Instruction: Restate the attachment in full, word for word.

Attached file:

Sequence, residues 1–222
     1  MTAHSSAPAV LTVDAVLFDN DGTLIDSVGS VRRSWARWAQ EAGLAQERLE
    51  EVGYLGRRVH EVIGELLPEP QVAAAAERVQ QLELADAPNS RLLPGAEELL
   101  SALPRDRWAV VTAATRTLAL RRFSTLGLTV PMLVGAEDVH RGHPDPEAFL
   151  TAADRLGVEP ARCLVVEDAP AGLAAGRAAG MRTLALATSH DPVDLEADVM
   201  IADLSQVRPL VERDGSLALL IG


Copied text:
Sequence, residues 1–222
     1  MTAHSSAPAV LTVDAVLFDN DGTLIDSVGS VRRSWARWAQ EAGLAQERLE
    51  EVGYLGRRVH EVIGELLPEP QVAAAAERVQ QLELADAPNS RLLPGAEELL
   101  SALPRDRWAV VTAATRTLAL RRFSTLGLTV PMLVGAEDVH RGHPDPEAFL
   151  TAADRLGVEP ARCLVVEDAP AGLAAGRAAG MRTLALATSH DPVDLEADVM
   201  IADLSQVRPL VERDGSLALL IG